Terry Scuoler, CEO of EEF, the manufacturers’ organisation, will tonight tell an audience in London that manufacturers have a vital role to play in driving diversity, but not to expect a silver bullet.
He will be making the remarks as part of his welcome speech at the launch event for EEF and Lloyds Bank Commercial Banking’s annual Women in Manufacturing report - the third annual assessment of female boardroom representation in the sector and the further efforts required to attract and retain talented women.
The report shows that women now account for 23% of all board seats in FTSE 100 manufacturers – up from 19% in 2013 and 21% last year. At the same time, 25% of new board appointments in FTSE 100 manufacturers are now going to women – up from 19% last year. The findings follow Lord Davies’ latest report showing that the number of women on FTSE 100 boards has almost doubled in the last four years.
In his speech, Terry Scuoler makes it clear that while progress has been good, there is still a way to go: “With manufacturers accounting for a quarter of FTSE 100 companies it is clear that we have a vital role to play in driving diversity. We are heading in the right direction, but still have a way to go.
Women continue to be under-represented at every level, including apprentice and graduate-entry level where our sector seeks its future stars.
“The message from our female role models across this series of reports is that we have to increase diversity through encouragement and development. There isn’t a silver bullet – instead there has to be a multi-stranded approach that ensures more women join our industry, more support is given to those who do and more effort made to identify and encourage those with the ability and desire to reach the top.”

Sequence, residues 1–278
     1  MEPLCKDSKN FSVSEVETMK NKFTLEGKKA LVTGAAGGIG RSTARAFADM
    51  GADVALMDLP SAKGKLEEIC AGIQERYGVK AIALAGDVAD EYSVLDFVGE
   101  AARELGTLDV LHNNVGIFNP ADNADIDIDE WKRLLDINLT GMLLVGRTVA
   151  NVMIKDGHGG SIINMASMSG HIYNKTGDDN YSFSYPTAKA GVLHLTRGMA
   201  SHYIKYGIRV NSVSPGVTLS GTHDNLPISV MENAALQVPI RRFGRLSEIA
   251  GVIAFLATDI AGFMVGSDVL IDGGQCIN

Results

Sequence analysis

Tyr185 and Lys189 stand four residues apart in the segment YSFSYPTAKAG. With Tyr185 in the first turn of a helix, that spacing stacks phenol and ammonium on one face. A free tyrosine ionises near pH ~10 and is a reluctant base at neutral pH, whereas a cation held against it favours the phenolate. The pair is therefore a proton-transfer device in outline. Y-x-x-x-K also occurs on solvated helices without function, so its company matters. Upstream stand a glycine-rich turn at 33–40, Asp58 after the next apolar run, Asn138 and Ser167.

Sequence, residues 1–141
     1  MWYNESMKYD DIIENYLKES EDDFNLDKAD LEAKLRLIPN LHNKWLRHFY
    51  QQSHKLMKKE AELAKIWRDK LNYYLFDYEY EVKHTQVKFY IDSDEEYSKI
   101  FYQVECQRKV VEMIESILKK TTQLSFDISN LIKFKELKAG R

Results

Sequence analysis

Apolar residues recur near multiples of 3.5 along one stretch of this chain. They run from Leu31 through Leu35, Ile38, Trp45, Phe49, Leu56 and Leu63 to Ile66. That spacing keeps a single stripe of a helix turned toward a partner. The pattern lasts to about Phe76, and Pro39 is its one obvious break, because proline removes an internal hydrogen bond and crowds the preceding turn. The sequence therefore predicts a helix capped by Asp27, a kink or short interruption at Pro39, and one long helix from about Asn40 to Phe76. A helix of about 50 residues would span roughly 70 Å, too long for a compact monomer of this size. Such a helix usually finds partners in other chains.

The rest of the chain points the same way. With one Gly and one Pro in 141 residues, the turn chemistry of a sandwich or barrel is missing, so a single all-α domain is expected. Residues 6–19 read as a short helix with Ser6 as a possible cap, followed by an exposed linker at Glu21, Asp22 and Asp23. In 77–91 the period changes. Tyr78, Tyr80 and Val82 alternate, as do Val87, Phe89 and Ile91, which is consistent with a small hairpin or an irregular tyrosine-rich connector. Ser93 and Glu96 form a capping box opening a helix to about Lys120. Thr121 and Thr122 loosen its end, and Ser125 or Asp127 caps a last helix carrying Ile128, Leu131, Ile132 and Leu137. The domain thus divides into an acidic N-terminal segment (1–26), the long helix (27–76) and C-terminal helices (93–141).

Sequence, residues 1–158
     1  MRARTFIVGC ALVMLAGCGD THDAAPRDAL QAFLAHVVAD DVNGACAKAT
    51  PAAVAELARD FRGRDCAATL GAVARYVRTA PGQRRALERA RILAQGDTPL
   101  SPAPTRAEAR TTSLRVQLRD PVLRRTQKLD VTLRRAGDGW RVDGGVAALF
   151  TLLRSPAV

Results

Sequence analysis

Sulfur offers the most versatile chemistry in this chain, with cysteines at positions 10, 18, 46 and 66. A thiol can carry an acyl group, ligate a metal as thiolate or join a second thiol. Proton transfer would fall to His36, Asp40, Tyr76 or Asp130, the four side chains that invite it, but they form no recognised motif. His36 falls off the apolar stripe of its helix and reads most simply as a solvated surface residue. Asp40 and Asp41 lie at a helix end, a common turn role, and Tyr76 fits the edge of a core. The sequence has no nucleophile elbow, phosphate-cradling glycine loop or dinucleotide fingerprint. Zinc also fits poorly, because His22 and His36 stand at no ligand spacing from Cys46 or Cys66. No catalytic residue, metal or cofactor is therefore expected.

He also points to the persistent image problem faced by engineering and manufacturing: “Increasingly, the message I am hearing from across the board is that our industry must overhaul its image and let people know what modern manufacturing and engineering is really about. Too often people still think of our sector as it may have looked decades or even a century ago.
“This perception is harmful and at odds with the reality of modern-day manufacturing. We are dynamic. We are creative. We are innovative and we are behind some of the most interesting, cutting-edge developments going on not just in the UK, but globally too.”
Also speaking at the event will be Kate Bellingham, ex-presenter of Tomorrow’s World and a passionate promoter of Science, Technology, Engineering and Maths.
The full report can be downloaded here.